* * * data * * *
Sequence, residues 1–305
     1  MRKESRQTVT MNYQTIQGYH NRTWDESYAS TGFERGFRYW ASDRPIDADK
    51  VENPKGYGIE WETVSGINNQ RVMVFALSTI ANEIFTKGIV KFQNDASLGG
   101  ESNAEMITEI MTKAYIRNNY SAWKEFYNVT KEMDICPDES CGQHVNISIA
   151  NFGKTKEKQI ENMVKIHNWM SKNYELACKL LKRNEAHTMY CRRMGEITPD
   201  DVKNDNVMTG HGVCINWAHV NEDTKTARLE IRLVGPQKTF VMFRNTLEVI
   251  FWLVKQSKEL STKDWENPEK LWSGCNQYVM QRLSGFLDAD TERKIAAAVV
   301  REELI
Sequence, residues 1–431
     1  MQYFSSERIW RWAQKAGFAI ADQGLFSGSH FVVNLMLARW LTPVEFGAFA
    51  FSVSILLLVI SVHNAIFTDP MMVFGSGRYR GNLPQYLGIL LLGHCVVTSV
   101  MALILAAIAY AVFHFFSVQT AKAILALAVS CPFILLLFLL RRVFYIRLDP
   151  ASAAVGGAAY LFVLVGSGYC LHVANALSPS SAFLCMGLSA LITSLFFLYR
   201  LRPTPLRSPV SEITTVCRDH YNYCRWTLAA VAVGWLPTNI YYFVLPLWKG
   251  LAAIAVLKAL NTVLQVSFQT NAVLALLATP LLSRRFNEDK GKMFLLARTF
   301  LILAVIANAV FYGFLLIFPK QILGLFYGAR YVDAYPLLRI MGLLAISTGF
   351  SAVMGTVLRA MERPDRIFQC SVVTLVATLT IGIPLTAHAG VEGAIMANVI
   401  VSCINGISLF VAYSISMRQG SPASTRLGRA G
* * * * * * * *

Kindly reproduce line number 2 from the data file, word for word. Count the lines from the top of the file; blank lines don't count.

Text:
     1  MRKESRQTVT MNYQTIQGYH NRTWDESYAS TGFERGFRYW ASDRPIDADK